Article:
Lidice, 80 Years Later

massacre of lidice

Today, June 10 is the anniversary of one of the worst atrocities in modern Czech history.

On the morning of Wednesday, 10 June 1942, the village of Lidice, about 20 km North-West of Prague, was destroyed in retaliation for the assassination of Reinhard Heydrich, the highest-ranking Nazi official in the Protectorate of Bohemia and Moravia.

Women who refused to leave their husbands were also shot, and men who happened to be away from the village were later found and killed.

Meanwhile, the Gestapo and SS hunted down and murdered Czech agents, resistance members, and anyone suspected of being involved in Heydrich’s death, totaling over 1000 persons. In addition, 3000 Jews were deported from the ghetto at Theresienstadt for extermination. In Berlin, 500 Jews were arrested, with 152 executed as a reprisal on the day of Heydrich’s death.

As a further reprisal, Hitler ordered the small Czech mining village of Lidice to be liquidated on the fake charge that it had aided the assassins.

The world first learned about Lidice via a brutally detached Nazi radio announcement broadcast the day after the attack:

“All male inhabitants have been shot. The women have been transferred to a concentration camp. The children have been taken to educational centers. All houses of Lidice have been leveled to the ground, and the name of this community has been obliterated.”

All 172 men and boys over age 16 in the village were shot. The women were sent to concentration camps, 53 of whom did not survive them. The children from Lidice, 82 of them, were gassed to death in a mobile gas chamber at a deportation camp.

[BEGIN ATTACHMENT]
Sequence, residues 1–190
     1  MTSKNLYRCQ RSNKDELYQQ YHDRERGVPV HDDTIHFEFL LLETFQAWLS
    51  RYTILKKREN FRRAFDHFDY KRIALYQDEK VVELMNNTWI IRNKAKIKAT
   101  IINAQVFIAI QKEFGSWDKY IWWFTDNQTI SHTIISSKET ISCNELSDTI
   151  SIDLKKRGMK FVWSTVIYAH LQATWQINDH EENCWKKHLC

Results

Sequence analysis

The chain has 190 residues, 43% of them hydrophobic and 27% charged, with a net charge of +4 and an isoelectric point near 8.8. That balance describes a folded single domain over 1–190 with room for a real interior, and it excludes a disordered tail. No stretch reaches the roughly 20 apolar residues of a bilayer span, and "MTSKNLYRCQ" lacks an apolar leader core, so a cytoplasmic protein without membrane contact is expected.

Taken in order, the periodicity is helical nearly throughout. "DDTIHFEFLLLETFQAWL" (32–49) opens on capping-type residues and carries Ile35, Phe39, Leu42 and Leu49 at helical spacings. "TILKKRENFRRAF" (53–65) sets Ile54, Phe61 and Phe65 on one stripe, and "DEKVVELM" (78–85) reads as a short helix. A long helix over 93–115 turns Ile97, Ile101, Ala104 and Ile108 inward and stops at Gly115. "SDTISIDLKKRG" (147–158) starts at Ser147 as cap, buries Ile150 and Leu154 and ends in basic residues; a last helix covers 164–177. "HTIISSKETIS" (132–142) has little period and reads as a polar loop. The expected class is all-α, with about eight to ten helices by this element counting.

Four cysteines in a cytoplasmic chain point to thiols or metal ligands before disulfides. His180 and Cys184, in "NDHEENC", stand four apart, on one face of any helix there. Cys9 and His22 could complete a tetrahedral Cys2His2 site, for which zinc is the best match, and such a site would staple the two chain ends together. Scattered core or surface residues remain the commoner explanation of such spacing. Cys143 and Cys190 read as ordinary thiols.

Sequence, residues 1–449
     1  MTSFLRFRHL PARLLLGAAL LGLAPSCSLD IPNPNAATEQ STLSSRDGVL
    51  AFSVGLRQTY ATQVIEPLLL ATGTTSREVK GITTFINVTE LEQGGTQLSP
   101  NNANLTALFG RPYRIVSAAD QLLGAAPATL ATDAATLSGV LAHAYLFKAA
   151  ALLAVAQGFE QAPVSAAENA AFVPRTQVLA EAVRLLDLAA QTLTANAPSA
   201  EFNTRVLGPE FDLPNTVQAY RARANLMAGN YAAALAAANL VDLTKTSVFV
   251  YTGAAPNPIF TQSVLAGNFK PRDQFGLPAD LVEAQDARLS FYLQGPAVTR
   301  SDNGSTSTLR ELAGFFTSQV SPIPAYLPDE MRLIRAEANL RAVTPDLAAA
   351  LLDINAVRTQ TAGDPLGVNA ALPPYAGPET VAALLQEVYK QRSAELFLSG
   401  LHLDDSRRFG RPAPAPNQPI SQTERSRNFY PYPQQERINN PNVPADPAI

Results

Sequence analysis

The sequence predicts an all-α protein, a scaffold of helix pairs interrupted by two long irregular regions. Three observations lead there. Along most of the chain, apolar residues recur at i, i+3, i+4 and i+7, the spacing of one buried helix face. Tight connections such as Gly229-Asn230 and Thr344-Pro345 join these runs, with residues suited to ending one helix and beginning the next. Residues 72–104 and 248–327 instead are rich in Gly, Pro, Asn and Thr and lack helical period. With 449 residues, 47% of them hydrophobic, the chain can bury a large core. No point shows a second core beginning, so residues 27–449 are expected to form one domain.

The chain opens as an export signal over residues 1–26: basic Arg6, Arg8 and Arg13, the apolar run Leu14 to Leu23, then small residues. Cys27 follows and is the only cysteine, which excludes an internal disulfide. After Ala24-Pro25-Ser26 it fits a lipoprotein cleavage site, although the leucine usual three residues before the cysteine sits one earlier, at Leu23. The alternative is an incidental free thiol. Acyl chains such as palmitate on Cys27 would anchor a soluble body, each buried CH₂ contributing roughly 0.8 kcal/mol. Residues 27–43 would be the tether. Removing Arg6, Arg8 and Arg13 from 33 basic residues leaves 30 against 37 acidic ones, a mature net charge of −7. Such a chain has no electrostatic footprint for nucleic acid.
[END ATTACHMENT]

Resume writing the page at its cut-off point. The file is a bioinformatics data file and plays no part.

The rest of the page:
The village was then destroyed building by building with explosives, then completely leveled until not a trace remained, with seeds being planted over the flattened soil. The name was then removed from all German maps.

The Nazis even dug up the town’s cemetery. They dumped massacre victims into a mass grave dug by prisoners from Terezin, a nearby concentration camp, and gleefully filmed the aftermath of the annihilation. This footage would soon become Nazi propaganda designed to quell further resistance.




After the liberation, 17 of those who survived the razing of their village as children and 143 of those who survived as adult women gradually came back to the village.

But the Nazi intention to wipe the little Czech village off the face of the Earth did not succeed. Several villages throughout the world took over the name of Lidice in memory of that village.

In 1947 the foundation stone of a new Lidice was laid 300 meters away from the original site and in May 1948 work began on building the first houses.

The old site was preserved as a memorial including the common grave of the Lidice men, a monument and museum, and between it and the new village a “Garden of Peace and Friendship” was opened on June 19, 1955, where thousands of rose-bushes from various parts of the world were planted.

Today, Lidice—a small town of about 540 residents, rebuilt alongside a memorial and museum commemorating the tragedy—stands in defiance of the Nazis’ attempted extermination: 82 larger-than-life bronze statues, each representing a lost child of Lidice, greet visitors.

Lidice Memorial
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